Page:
Scientific paper that announced high levels of lead in rice suddenly retracted!

A recent scientific paper that concluded imported rice was heavily contaminated with lead has been suddenly withdrawn by its author. Natural News has confirmed from the author, Monmouth University Chemistry Professor Tsanangurayi Tongesayi, that the “scientific paper” is recalled until further notice.Brown-Rice-In-Glass-Container
The paper  found that some sources of rice, including rice from China, were contaminated with as much as 12,000% more lead than allowed under current safety limits for children.

The story was widely published across the media, including Natural News. Its findings, after all, were consistent with many other findings about the contamination of foods grown in heavily polluted countries. So no one thought the conclusions might be in doubt. When we hear about “scientists” conducted metals analysis in foods, we tend to think they know what they’re doing, right?

The authors themselves discovered worrisome discrepancies on “scientific papers,” when they sent the samples to a third-party lab for verification. Why the Tongesayi team did not conduct third-party lab verification before announcing the results has not been explained.

Analysis machine somehow produced flawed data

According to their own announcement about their findings:

We measured the levels of lead in rice that is imported into the U.S. using XRF and the data was validated using a NIST1568a reference sample. Lead levels ranged from 5.95 +/- 0.72 to 11.9 +/- 0.6 mg/kg and the calculated Daily Exposure amounts were significantly higher than the Provisional Total Tolerable Intakes for all age groups.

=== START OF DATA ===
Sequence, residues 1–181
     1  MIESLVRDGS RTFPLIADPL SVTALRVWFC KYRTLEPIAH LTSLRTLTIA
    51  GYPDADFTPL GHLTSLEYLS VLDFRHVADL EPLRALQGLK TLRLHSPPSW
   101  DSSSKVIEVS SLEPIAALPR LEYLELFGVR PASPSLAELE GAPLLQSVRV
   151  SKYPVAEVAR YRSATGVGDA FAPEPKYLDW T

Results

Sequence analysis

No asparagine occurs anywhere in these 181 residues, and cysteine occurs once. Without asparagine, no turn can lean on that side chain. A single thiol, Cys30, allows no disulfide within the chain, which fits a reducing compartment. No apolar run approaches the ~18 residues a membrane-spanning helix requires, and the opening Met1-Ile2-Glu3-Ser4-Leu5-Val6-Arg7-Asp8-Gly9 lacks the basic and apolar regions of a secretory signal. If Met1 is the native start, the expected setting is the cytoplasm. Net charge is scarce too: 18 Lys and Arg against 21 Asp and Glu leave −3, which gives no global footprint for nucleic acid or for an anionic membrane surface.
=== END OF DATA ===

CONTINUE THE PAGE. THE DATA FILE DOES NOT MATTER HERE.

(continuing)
Translation: What they’re basically saying is that they found lead at levels of 6 to 12 ppm in rice. But as you’ll see below, these numbers are completely wrong.

2012 tests from Consumer Reports reveal roughly 1,000 times LOWER levels of lead in rice

Here’s another clue worth considering in all this. In 2012, Consumer Reports published results of its lead analysis of 223 brands of rice. They also measured arsenic and cadmium in rice.

If you click the link above, the chart you’ll see is shown in parts per BILLION.

It sounds like the  Tongesayi team made a very large mistake in their reporting. To read this article in full, click on the link below.

Learn more: http://www.naturalnews.com/039998_imported_rice_lead_contamination_retraction.html#ixzz2RRPdPouP

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